In your book, The Puzzle People, you talked about your experience as a young surgical resident in Miami. You were given an enormous caseload there. Did you leave because you couldn't do your research there? Was it the institution itself or just the caseload?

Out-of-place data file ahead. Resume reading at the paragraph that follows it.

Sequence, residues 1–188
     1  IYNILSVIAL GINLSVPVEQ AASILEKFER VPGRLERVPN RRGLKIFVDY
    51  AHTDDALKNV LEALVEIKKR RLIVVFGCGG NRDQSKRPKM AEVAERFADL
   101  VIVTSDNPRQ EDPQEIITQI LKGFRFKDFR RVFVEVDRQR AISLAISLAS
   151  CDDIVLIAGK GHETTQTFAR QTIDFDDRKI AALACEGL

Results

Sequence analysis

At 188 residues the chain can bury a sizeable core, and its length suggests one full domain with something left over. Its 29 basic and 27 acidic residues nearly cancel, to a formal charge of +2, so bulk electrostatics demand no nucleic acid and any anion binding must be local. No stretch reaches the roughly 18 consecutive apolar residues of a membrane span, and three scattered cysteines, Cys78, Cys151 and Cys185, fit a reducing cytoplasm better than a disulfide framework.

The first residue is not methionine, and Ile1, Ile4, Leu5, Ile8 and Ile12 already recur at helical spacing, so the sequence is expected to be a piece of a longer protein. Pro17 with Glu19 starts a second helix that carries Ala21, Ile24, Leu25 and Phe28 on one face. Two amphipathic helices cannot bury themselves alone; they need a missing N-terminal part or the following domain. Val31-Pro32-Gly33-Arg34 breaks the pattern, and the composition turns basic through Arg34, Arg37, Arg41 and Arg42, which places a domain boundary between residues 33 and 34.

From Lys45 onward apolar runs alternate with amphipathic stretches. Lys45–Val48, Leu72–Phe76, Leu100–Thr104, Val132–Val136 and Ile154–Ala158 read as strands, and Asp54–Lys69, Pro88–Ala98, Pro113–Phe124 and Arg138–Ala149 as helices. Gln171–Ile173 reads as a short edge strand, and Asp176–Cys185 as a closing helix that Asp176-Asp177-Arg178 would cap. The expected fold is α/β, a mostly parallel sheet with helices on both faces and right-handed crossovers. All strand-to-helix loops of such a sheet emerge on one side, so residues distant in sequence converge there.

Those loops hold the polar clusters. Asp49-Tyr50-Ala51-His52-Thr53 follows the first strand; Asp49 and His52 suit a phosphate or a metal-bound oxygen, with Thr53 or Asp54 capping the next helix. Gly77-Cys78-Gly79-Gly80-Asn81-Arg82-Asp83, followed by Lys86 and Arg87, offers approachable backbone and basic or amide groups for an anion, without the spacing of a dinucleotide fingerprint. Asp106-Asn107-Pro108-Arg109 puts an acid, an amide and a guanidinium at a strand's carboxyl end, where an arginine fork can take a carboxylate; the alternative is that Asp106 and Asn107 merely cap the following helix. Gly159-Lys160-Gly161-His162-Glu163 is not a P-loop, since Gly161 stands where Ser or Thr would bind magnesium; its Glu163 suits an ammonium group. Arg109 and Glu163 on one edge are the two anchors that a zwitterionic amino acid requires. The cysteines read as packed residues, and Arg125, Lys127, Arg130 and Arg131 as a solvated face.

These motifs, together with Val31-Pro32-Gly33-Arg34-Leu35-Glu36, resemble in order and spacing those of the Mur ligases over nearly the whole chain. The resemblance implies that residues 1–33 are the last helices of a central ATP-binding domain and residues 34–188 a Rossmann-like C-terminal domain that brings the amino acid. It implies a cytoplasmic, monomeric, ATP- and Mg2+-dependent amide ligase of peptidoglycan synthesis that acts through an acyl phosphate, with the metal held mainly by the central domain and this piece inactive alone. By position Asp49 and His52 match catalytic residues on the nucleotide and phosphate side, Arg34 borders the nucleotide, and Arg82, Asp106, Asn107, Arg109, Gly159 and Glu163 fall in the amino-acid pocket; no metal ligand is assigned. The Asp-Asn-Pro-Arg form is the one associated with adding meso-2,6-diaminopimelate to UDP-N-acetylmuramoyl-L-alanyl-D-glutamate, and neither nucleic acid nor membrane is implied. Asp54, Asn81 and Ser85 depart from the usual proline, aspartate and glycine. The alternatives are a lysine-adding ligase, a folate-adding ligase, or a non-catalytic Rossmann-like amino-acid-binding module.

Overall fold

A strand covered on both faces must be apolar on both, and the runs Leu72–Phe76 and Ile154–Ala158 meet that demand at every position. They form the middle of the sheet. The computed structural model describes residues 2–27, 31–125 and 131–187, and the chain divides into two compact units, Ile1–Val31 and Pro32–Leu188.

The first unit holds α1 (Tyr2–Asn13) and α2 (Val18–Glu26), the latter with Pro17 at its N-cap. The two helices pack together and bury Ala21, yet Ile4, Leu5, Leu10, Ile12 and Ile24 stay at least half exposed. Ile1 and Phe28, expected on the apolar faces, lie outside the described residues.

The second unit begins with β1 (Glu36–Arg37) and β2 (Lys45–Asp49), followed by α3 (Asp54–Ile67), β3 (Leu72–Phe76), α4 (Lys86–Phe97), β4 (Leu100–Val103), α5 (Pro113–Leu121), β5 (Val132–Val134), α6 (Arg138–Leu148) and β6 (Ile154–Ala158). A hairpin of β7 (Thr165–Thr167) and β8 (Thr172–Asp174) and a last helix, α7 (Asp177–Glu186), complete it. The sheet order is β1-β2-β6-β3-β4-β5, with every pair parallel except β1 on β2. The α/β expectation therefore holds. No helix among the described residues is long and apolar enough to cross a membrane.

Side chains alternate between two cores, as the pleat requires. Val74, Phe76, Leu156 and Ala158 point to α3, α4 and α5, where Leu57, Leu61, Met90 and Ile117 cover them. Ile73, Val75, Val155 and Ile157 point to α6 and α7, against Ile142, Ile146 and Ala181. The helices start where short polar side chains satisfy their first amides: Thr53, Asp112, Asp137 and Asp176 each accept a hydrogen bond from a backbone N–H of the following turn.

Thomas Starzl: I had so much work down there over a period of two years that I did something like 1,000 majors a year for two years. And normally you go through a surgical training program and if you end up doing 100 majors that would be considered quite enough. And most of those cases, I was doing what I was doing without any supervision. But I was prepared for that, because I had already spent four years at Johns Hopkins. I had already had the equivalent of a normal surgical training program. So I didn't have any uneasy feelings about shouldering the responsibility, but just the mere root volume was such that I got to the point where I really didn't want to operate anymore. And I never wanted to do high volume surgery from that time onward, even though I was eventually forced into that situation, most acutely after I had come here. When we were doing procedures that weren't being done any place else in the country, or for that matter in the world, now the volume came up again, just as it had way back then.